RLL Themes. That’s the other thing the film has to deal with. My imprint on the film has to be made in the choice of the poems. Twenty-seven poems make up the thread which carries you through the film. The coherence of the film has to be woven into those poems. That’s one of the tasks I set for myself in the film: to make an epic poem of smaller poems.
BH You had to deal with the top governmental officials in the Sandanista bureaucracy. In the United States, what was the highest level of bureaucracy that you had to deal with?
RLL I had to deal with the Norton Air Force Base here. I had to get permission to use their archives.
BH What was in them?
RLL They have five reels of old 35 mm film from the ’20s and ’30s when the Marines were down in Nicaragua. We ended up using about four seconds of it—nothing particularly extraordinary, just enough to carry the image we wanted. I don’t know what it would be like to get a US government official to read a poem on camera. I imagine the effort would be slightly greater than what I had to do in Nicaragua. The Sandanistas are anarcho-bureaucrats. It’s a honed down bureaucracy because they don’t have the luxury of a phenomenal budget with which to expand their bureaucracy endlessly. But they have a built-in bureaucratic nature so that nothing happens if they don’t want it to happen: they don’t say, “You must fill out this form. You must come here.” Things simply don’t happen. They’ll set something up with you. Dozens of times. “Oh yes! That’s a great idea. Tomorrow at noon. No problem. Right there.” No problem. They’re not there. You’re there. You’re standing there with your camera and crew.
BH But luckily you’ve made a second appointment for the same time.
RLL Well, that’s what I learned during my first trip down there: that anything I was going to do would be by the grace of Sandino and a doubled schedule, for every minute of every day. And the minute that someone didn’t show up, it didn’t matter. It wasn’t a question of being polite and waiting 15 more minutes—you were out of there.
BH Was there a certain moment in making the film where you felt that it was going to happen? A certain section of the film when you knew as it was going on that this—Ah ha! Now we can do it—that it was going to work?
RLL You know, it never seemed to me that it wasn’t going to happen. And that blind optimism probably is a lucky genetic flaw of mine. But on the other hand, it never seemed that it was definitely going to happen either. I think I felt the greatest relief when the ambush was over and I knew that I was going to continue to happen.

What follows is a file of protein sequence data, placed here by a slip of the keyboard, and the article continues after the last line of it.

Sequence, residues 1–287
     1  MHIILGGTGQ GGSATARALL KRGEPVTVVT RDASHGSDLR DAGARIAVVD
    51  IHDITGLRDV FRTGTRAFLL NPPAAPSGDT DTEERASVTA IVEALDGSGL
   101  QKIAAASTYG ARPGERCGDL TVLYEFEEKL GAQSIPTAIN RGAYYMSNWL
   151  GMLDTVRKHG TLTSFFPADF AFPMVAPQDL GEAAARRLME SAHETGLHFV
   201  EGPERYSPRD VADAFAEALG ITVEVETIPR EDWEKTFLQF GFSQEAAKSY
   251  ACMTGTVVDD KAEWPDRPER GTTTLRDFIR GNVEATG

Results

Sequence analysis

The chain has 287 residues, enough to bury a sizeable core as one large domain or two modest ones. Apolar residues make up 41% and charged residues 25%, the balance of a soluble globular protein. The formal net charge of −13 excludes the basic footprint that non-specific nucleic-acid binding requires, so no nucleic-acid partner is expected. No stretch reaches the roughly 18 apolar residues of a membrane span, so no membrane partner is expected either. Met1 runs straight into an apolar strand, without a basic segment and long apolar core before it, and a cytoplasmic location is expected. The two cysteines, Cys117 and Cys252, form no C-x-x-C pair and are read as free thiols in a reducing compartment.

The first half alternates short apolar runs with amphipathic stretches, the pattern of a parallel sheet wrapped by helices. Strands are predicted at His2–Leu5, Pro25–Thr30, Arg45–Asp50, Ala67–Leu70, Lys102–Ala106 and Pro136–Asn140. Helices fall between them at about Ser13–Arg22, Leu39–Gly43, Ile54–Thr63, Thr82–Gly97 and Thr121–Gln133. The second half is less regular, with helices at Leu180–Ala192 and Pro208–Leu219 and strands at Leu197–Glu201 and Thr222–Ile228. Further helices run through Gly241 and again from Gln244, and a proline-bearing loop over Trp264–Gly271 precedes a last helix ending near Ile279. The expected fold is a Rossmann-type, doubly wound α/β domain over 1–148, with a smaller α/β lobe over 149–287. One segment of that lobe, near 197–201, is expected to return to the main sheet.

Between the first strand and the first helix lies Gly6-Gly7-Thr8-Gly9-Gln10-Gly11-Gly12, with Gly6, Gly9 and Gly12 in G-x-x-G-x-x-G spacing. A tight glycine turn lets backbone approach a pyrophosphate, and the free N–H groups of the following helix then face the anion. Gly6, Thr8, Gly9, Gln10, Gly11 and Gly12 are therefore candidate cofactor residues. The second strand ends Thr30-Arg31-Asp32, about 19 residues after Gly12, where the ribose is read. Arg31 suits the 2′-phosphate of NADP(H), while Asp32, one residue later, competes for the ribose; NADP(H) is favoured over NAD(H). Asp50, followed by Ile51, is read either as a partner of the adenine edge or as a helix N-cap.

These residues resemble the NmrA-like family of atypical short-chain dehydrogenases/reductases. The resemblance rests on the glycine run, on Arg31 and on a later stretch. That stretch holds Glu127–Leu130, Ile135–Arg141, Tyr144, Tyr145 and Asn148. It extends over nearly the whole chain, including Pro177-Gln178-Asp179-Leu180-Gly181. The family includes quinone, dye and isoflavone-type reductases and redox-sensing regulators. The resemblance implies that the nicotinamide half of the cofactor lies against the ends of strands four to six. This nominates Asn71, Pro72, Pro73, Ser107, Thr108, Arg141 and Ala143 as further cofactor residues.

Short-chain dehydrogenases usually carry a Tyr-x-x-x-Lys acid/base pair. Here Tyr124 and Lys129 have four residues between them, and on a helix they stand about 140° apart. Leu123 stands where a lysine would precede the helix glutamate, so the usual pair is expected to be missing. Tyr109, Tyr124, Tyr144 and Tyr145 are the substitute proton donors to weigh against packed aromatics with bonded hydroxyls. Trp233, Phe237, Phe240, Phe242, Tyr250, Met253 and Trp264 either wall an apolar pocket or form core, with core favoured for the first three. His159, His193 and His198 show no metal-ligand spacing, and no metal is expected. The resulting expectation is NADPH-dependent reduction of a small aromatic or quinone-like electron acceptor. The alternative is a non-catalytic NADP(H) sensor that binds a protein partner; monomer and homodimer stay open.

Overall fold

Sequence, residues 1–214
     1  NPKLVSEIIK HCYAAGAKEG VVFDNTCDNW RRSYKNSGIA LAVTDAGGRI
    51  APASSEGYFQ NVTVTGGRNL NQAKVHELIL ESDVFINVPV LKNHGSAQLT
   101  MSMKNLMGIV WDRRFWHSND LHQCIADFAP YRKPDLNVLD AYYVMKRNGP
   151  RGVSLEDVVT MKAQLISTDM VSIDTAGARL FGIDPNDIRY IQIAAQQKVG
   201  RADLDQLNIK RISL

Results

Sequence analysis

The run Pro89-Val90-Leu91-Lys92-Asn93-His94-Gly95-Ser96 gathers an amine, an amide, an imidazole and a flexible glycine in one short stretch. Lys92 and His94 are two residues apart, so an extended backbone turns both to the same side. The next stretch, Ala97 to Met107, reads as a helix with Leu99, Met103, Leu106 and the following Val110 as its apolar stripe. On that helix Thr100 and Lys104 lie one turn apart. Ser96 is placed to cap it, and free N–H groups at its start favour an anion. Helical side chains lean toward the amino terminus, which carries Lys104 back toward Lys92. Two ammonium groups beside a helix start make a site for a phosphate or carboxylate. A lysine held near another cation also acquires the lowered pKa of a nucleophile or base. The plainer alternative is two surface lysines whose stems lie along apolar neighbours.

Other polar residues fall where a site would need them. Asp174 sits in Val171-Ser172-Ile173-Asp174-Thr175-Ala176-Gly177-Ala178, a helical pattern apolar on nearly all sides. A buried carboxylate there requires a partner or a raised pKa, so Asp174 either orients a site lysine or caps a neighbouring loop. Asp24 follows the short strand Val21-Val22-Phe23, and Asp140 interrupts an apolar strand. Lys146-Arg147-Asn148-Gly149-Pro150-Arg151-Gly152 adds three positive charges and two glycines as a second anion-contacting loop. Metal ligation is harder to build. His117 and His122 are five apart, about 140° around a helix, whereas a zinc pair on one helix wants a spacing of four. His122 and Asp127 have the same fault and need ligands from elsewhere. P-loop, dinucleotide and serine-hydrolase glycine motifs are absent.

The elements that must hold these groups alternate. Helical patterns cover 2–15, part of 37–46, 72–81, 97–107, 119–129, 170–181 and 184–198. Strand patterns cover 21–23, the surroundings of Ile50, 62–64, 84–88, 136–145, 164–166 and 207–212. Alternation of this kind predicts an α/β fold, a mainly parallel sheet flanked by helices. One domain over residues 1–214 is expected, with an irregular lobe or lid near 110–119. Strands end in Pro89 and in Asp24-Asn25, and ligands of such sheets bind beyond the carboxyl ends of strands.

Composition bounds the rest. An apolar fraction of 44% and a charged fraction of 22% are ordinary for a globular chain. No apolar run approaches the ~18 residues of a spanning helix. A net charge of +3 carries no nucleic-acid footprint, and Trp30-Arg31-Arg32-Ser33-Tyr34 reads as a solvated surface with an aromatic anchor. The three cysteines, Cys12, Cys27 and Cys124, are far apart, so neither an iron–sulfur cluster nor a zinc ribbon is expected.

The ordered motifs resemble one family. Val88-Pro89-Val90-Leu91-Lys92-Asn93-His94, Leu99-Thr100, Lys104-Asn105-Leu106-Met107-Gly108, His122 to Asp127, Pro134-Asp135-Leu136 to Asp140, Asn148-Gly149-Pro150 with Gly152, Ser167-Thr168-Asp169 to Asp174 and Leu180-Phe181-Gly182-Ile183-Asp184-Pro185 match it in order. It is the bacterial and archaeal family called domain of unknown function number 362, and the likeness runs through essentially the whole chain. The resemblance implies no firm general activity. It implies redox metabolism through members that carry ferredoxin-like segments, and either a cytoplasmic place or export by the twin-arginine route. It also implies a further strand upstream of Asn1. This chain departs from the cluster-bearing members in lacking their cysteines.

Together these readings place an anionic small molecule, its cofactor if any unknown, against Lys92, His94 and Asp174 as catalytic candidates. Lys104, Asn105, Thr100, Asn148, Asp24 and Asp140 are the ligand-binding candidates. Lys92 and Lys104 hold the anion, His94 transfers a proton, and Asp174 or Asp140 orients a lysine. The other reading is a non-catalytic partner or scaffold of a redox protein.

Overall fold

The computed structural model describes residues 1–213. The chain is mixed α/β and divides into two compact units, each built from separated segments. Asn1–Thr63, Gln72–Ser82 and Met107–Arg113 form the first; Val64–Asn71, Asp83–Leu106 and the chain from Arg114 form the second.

BH So the ambush happened right at the end?
RLL It happened fairly close to the end of the trip with the military. We would get up every morning at 5:00 AM and march for three or four hours. We’d film the daily lives of the soldiers, especially the three young poets in the company. From the time they woke up and took their morning piss, brushed their teeth, to the time they fell asleep at night. We were up by the Honduran border at a time when the contra tactic in the sector was to travel in small bands, not get cornered, surrounded, and wiped out—just do, “hit and run.” I was with a company of B.L.I. The best way to describe the BLI is that they are the Nicaraguan Green Berets—they go up in the mountains for a month at a time, guerrilla fighters, seasoned at the age of 17. Anyway, we were scheduled to go and film a poetry workshop. Ten or 15 of them would sit down and read each other’s poems and talk and share their work. There was a great little place that they knew up on a hill that seemed safe and secure and was going to have the right kind of light for the shooting; magic hour light.
BH For shooting the movie.
RLL Precisely. We were walking along this road and gun fire began. It was incredibly loud. I’d heard exchanges of gun fire all through that month, but nothing like this. It was right on top of me. And the next thing I remember was that I just dove into a ditch at the side of the road and I could feel the gunshots passing over my head and sure enough they were passing over my head. The image I had, my little cinematic image, was of a bullet passing diagonally through my skull. So I just dug my face deep into that ditch while the gunfire went by. When I looked up, the camera man and sound man were up and running through the gunshots, following the poets. And they were just totally—this was their job, this is what they were waiting for the whole month. And so I got up and followed them. And we went into the trees following our poets who were running and chasing the contra who were firing at us. The firing went on for 15, 20 minutes. If it was a real ambush, I think we would have all been dead. I mean they would have been laying for us, they would have known we were coming and we would have been wiped out. What I think happened was that we were walking at one point on a parallel line with this band of contra who saw us first and didn’t themselves know what was happening. It made me realize I’m not making another film where I have to crawl around in a ditch and worry if I’m going to be around to finish it.
BH Well how about love?
RLL Ah! The Nicaraguans in love, that’s pretty easy. They’re an amazingly enamored people. The love poems travel through the whole film. There’s Gioconda Belli, whose work expresses that sensuality. Back in the late ’60s, early ’70s, Nicaraguan society was undergoing the same kind of upheavals we were having with regard to feminism. And for her to write sensual poetry, love poetry that was not afraid of the body or nature or any sensual expression, caused her tremendous difficulty. She had a hard time countering Nicaraguan machismo and that struggle comes through in her work. What comes through in Carlos, mad Carlos Rigby’s work, is that love, also. In his most political work, love and sex and passion and politics float together. Love comes through also in the soldiers’ poems. In one sense I’m sure what keeps them moving from hill to hill are the thoughts of their lovers.